In February 2010, I kicked off my very first theme month dedicated solely to dystopian and post-apocalyptic fiction. Back then, dystopian was an emerging trend, buoyed by the popularity of THE HUNGER GAMES and CATCHING FIRE.
Now, two short years later, we are in the midst of a dystopian explosion, with new upcoming titles being announced every week it seems. But with so many new dystopians available, how do you choose which to read?
That's where Dystopian February at my personal blog, Presenting Lenore, can help. Starting tomorrow and continuing all through the month, I will be posting reviews, previews, author interviews, and in-depth discussions of books that may or may not be on your radar. I also have so many book giveaways planned, I can hardly keep track of them. (Spoiler alert: I'll be giving away, among others, League books such as A MILLION SUNS, STARTERS & THE OTHER LIFE)
By now, I've read over 100 books in the genre (see index of all my dystopian reviews) and I'm still super excited about it. Based on the types of books I've come across in my reading, I've created five categories of dystopians/post-apocalyptics:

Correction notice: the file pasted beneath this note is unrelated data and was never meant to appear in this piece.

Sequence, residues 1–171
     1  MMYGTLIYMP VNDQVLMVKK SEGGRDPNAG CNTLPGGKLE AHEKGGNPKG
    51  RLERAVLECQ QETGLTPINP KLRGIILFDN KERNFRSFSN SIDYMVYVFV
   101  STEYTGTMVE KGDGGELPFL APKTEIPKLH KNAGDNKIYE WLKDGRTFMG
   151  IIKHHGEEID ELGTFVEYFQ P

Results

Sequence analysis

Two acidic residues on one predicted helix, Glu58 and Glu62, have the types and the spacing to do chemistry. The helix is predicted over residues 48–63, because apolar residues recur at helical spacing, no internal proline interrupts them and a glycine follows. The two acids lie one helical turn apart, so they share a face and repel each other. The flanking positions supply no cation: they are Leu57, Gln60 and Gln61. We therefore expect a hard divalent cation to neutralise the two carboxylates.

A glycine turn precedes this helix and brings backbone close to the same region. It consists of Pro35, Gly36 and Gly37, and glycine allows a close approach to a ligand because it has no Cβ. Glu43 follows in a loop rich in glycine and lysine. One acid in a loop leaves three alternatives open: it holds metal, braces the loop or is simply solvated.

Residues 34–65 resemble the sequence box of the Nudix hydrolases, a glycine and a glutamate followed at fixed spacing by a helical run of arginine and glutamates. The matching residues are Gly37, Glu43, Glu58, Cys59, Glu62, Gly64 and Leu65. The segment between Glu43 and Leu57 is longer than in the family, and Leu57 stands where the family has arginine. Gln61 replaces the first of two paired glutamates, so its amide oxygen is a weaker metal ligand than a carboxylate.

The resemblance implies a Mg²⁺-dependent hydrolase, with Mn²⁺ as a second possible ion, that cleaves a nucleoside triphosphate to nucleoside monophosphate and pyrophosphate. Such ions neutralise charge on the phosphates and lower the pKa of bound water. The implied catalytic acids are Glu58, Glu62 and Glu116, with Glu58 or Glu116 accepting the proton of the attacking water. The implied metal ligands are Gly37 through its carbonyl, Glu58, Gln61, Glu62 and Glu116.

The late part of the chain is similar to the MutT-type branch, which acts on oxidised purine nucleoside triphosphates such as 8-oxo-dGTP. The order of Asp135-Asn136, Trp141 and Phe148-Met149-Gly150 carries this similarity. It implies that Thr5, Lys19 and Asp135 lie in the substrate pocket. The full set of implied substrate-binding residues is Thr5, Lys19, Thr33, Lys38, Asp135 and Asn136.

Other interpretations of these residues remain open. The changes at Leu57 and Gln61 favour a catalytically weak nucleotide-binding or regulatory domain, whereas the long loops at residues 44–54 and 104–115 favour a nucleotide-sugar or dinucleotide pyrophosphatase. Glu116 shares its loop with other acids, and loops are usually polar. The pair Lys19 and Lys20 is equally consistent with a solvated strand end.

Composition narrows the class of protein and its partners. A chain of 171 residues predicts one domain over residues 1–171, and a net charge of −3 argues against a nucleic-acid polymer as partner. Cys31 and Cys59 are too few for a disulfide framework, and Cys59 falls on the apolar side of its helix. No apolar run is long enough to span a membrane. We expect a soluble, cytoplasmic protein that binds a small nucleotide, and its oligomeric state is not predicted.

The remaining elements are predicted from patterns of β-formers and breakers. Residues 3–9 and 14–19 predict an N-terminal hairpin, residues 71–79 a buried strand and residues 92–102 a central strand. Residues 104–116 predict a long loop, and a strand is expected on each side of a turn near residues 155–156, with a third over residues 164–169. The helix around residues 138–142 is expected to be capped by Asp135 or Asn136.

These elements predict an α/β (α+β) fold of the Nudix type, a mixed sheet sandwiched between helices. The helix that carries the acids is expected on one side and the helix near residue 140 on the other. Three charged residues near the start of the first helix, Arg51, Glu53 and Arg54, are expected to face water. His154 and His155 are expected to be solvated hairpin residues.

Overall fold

World-building books - These are the books that (usually) take a real world issue or concern and barrel down the slippery slope to explore a future world through the distorted lens of that issue. They can be very deep and philosophical. For example: FEED by MT Anderson (media addiction)
Action books - These are the page-turners that get your adrenaline pumping and make you bite your fingernails until the tips of your fingers are raw. They are often stories of surviving despite terrible odds. For example: ASHES by Ilsa J. Bick
Twisty books - Surprising, original, fun - these are the books that are unpredictable and make the genre feel fresh again. For example: VARIANT by Robison Wells
Romance books - The world may be ending, but that doesn't stop the chemistry between these books' characters from melting off your pants. For example: SHATTER ME by Tahereh Mafi
Amazing writing - These are the books that get under your skin with their perceptive insights into character, their lyrical prose, and their masterfully created atmospheres. For example: WITHER by Lauren DeStefano
And of course, there are the books that seem to have it all and could fit into any category (HUNGER GAMES, anyone?) -- but for my purposes, I'm giving each book I review a merit badge in one of the above categories (see the merit badges here - they are ADORBS!) so if you know you prefer world-building books over all else, you'll know which titles to look out for.
Hope you enjoy Dystopian February! What do you think my categories? Am I missing any in your opinion?